Most of us know intuitively that our surroundings can affect our sense of well-being. If we’re feeling stressed or anxious, for instance, a walk in the park or near a lake or even just sitting in a garden can make us instantly feel better. Science confirms that exposure to green space lowers our heart rates, reduces muscle tension, and decreases the production of stress hormones. So it comes as no surprise that research also indicates that hospital architecture incorporating nature into its design accelerates recovery time and improves patient outcomes as well.
Our Health on Nature
Our instinctual propensity to seek out nature is a phenomenon referred to in design circles as biophilia—literally “the love of living things.” It turns out that tuning in to that innate urge is good for us in the long term. Evidence-based Design Research has demonstrated that connecting with nature can help improve chronic conditions like hypertension, cardiac illness and may even reduce the risk of developing type II diabetes.
We also benefit measurably by simply looking at and hearing sounds that emulate nature. Studies from the International WELL Building Institute and Harvard demonstrate that the biophilic phenomenon is so powerful that when employees simply look at pictures of nature, they are 7 – 12% more productive in the workplace. These studies indicate that patients who have access to scenic views that overlook natural settings require fewer doses of medications while recovering in hospital and go home sooner. Other studies suggest that on a smaller scale, art that depicts images of nature can create positive feelings for patients as well.
That’s where design comes into the picture. Evidence-based design provides the theoretical framework for designers to incorporate scientific research into the built environment. By focussing on patient well-being as well as functional efficiency, evidence-based design mitigates the negative effects of stress related to illness and surgery. Clinics and hospitals designed simply for efficiency, and that lack natural light and pleasing spaces, can cause patients to feel more stressed, anxious or helpless. Evidence-based design elements, on the other hand, connect patients, family and healthcare workers to nature through elements like exposure to natural light, ventilation, views outside to naturalized landscapes and even the use of colour.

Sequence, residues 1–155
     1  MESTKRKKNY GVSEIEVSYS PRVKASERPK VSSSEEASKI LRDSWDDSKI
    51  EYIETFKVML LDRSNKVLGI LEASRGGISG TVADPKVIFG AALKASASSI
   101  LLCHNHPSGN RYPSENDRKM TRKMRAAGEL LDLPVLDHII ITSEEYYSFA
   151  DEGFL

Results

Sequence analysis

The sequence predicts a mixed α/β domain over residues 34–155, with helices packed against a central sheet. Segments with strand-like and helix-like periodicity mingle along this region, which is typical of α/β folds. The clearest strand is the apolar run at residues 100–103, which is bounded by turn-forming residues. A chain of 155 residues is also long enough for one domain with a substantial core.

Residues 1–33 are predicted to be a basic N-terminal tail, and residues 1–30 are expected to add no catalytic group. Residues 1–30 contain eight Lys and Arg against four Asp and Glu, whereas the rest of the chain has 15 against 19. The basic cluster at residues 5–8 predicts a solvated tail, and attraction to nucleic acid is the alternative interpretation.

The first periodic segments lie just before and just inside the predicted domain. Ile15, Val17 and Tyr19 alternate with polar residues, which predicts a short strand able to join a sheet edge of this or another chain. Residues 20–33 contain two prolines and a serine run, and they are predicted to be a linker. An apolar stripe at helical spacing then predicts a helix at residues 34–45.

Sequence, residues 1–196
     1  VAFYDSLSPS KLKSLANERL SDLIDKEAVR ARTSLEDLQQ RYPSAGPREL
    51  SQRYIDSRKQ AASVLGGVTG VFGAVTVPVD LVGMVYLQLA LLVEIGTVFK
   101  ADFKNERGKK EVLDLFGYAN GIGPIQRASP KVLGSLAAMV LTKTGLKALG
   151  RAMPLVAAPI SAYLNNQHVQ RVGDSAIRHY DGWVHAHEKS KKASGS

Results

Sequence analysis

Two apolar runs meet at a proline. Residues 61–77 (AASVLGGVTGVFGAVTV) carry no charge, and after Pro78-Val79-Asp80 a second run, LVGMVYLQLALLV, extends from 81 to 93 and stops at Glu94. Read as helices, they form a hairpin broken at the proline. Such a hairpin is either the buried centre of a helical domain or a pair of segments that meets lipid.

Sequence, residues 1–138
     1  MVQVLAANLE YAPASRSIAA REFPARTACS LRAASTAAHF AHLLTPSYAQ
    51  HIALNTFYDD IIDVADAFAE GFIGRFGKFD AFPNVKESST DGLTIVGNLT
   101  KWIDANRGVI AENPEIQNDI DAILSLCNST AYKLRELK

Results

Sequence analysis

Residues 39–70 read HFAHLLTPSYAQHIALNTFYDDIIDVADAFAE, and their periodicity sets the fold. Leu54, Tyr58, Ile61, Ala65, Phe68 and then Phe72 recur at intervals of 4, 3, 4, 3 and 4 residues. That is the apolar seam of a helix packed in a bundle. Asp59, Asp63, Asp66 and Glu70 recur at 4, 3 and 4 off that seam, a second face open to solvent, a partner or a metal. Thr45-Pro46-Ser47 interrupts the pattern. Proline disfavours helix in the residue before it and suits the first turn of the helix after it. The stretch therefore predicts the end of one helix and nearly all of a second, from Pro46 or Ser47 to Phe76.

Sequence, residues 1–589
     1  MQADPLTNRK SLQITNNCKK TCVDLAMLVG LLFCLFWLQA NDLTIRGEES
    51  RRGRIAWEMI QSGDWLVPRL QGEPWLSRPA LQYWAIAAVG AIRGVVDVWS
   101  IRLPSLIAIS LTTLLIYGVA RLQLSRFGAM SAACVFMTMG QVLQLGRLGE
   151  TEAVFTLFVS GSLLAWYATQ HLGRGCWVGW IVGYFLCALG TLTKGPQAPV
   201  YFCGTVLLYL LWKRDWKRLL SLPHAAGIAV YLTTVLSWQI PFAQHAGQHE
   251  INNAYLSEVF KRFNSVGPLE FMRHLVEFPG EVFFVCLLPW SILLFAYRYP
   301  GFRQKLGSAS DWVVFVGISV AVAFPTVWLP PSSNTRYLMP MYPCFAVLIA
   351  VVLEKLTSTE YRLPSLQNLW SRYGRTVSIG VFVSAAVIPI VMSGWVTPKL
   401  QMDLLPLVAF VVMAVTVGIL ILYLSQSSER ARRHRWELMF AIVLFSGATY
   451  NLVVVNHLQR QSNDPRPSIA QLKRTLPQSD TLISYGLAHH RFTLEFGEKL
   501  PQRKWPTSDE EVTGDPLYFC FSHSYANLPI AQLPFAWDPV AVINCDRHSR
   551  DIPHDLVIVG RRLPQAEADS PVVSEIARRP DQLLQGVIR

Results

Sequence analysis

Importantly, when hospital design recognizes our desire to be close to nature, not only are patient recovery times reduced and less pain medications are required but good design also contributes to better staff retention and work satisfaction for hospital and clinic employees.
Kingston, Ontario’s Providence Care Hospital
The Parkin-designed Providence Care Hospital in Kingston, Ontario, offers an ideal example of patient-centred design. Providence Care was meticulously designed to combine long-term mental health care, physical rehabilitation and complex care programs in one building. The project incorporates triple-height spaces in the main lobby and exterior courtyards adjacent to every patient unit enhance natural light penetration into the building and connection to the hospital’s naturalized landscaping for patients, staff and visitors. The hospital was built to give residents as much access to the outdoors as possible. Its architecture prioritizes patients’ views by locating patient rooms to give inpatients optimal views of the site’s natural beauty along the Lake Ontario shore.
Nature remains our ally in health and healing. Through thoughtful design, architects tap into the healing power that nature provides, conceiving designs that incorporate scenic views, maximize natural light and create interiors that emulate the natural world. When patients cannot be in nature, modern architecture can bring the healing power of nature to patients.